There are two mobility game-changers that are coming out of that plan.
The one that caught of a lot of attention is what we’re calling transport pricing. It’s essentially pricing vehicle trips into Vancouver’s downtown during the busiest times. It’s where street space is the most constrained and where we’ve got the most jobs, people, and demand for public space and access to parks. The concept of transport pricing is based on the experience of Singapore, London, and Stockholm, where pricing vehicle trips encourages you to walk, bike, or take mass transit.
The other game changer is our city-wide parking permit strategy. Right now, only about 10 percent of street parking in residential neighborhoods is priced, but that will extend to every part of the city with this new permit parking system. The permit cost might be very small in some parts of the city or only needed during the day. The main takeaway is that there is always a premium for that public space to store a vehicle. We think now is the time to engage people in better managing that street space.
Has COVID-19 exacerbated concerns about equity and affordability in commuting downtown?
Anybody’s concerns about affordability matter to us. We want to be open with our communities about what the plan would mean for them from an equity perspective.
What we do know is that a predominant part of our lower income population is already taking transit, so this is where the transport pricing helps. It takes some cars off the road so if you did still need to drive, there would be a price, but it would be a more reliable trip.
We’re not proposing to introduce transport pricing so high that we’re definitively pricing congestion away. What we’re trying to do is say that there’s a value in the limited amount of road space we have. This is another tool in our effort to encourage a shift to sustainable modes to move more people, and yet we need to do that in a way that hasn’t been done in London, Stockholm, and Singapore. Their primary goals were ultimately about congestion and revenue generation. We are using the same pricing concept but it’s not the same goal. Climate change is driving our initiative.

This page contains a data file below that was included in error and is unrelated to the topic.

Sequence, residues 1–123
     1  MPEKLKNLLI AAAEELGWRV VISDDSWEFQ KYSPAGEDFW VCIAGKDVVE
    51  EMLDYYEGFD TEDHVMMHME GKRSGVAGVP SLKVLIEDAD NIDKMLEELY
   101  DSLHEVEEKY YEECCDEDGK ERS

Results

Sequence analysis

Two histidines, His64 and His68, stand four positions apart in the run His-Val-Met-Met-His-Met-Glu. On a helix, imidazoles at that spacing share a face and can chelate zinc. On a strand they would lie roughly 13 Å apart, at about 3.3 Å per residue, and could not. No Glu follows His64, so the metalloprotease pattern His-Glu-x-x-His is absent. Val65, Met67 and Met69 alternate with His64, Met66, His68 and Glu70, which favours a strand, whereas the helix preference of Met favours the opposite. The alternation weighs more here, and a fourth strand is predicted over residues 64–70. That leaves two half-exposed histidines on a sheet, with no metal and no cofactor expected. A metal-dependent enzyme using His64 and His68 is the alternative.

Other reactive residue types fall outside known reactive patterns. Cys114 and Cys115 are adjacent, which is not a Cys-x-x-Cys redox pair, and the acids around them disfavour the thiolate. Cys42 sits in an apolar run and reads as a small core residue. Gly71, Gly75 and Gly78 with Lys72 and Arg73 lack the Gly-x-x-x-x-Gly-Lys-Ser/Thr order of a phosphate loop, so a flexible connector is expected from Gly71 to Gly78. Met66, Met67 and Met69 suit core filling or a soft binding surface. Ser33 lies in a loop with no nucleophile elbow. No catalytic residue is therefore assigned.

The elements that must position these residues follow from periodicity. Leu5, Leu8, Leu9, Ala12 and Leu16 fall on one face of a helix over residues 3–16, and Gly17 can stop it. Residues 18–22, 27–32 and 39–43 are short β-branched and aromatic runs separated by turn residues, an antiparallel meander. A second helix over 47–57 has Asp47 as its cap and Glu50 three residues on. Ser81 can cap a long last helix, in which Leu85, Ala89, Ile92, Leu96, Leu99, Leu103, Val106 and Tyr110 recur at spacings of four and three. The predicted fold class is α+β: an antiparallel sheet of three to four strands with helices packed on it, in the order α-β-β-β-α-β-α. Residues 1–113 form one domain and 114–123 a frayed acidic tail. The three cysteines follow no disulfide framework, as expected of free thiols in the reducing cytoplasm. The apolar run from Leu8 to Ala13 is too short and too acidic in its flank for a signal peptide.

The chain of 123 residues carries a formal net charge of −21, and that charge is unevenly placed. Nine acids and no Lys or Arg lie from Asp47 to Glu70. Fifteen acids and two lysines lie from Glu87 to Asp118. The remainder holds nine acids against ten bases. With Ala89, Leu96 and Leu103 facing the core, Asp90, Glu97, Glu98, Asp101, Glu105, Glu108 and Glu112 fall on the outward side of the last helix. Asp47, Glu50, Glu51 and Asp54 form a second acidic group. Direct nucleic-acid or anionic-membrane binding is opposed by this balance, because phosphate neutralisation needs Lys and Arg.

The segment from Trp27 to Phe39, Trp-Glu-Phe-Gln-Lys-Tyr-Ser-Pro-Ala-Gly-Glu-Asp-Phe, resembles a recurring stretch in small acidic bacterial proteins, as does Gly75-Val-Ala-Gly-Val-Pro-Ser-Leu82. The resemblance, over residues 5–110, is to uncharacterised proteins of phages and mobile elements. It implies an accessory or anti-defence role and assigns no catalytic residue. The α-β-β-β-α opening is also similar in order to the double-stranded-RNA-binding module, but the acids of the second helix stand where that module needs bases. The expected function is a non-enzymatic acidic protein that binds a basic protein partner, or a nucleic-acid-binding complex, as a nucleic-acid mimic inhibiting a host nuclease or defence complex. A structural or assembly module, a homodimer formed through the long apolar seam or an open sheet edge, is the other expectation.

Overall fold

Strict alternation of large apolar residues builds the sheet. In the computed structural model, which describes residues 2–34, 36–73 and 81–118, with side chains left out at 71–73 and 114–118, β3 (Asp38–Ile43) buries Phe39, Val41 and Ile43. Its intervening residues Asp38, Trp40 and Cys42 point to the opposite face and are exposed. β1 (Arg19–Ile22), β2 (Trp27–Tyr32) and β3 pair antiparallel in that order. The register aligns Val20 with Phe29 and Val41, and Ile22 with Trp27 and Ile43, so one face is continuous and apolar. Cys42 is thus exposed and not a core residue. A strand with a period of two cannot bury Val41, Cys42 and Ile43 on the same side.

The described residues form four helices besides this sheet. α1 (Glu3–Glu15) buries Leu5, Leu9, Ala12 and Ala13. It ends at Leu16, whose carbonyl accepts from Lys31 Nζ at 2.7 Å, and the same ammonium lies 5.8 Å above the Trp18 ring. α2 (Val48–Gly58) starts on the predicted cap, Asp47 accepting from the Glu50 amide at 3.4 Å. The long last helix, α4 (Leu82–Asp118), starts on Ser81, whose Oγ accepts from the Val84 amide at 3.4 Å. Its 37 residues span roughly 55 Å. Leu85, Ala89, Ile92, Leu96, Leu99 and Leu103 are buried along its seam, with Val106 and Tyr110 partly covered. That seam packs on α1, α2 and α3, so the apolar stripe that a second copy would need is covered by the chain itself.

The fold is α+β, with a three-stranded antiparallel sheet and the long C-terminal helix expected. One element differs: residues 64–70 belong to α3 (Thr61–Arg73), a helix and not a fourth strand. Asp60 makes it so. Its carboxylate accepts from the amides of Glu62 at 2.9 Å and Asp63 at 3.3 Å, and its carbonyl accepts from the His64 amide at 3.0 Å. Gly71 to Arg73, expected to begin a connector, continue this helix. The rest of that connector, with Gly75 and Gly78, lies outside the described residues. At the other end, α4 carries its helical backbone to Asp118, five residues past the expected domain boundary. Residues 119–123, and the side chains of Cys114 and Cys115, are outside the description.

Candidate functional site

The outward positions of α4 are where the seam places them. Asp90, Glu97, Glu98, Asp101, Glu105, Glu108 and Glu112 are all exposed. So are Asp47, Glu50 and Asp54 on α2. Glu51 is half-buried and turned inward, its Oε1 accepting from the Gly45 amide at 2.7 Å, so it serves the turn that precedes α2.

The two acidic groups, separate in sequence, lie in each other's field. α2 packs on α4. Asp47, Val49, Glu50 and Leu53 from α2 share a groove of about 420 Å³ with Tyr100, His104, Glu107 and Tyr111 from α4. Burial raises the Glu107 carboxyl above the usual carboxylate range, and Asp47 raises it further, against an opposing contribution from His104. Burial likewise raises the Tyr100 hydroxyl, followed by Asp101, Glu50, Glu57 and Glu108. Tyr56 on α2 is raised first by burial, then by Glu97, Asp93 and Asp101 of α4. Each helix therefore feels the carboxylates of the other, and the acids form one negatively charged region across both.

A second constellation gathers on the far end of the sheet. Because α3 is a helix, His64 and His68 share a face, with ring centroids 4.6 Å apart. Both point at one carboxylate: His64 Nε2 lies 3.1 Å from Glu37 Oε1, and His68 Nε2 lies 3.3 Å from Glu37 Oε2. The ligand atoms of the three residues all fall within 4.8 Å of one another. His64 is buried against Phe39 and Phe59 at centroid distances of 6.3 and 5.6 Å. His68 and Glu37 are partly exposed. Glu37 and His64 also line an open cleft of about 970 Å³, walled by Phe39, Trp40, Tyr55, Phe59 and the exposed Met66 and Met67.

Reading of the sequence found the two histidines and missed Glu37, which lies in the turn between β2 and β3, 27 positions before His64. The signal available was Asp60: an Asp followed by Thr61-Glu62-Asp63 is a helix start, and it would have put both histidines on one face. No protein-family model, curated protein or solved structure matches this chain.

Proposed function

Over the next year, we will engage stakeholders and the broader public to share the problem that transport pricing will address and to understand their concerns and interests. We will use this feedback to shape the transport pricing strategy for Vancouver.
What can cities looking to create their own climate plans learn from Vancouver?
The importance of a solid, visionary plan with specific targets that you measure and hold yourself accountable to as a staff is essential. You should also be transparent to your political decision makers on the necessary actions that ultimately point towards the goals that have been approved, even if they are not easy.
But it’s not just about engagement with the decision makers. We as staff will never be able to present to our city council the best plan without engaging the community and government partners. In creating the Climate Emergency Action Plan, our sustainability team conducted four different surveys to monitor resident attitudes towards all the climate change initiatives, including those in mobility. We also set up a stakeholder committee with people from mobility advocacy organizations, poverty reduction associations, TransLink, and Metro Vancouver to review and provide input in the climate actions identified by staff to reach our emissions reduction targets. Pricing also requires directly consulting with the provincial government and discussing how it matches up with their CleanBC goals.
We’re always looking towards the cities that we see as a decade ahead of us as role models. Some will critique that we’re inspired by a European city like Stockholm or Paris, saying “we’re not Europe.” Nevertheless, we’ll continue to leverage our great staff to staff international mobility network, in part thanks to our participation in C40 Cities.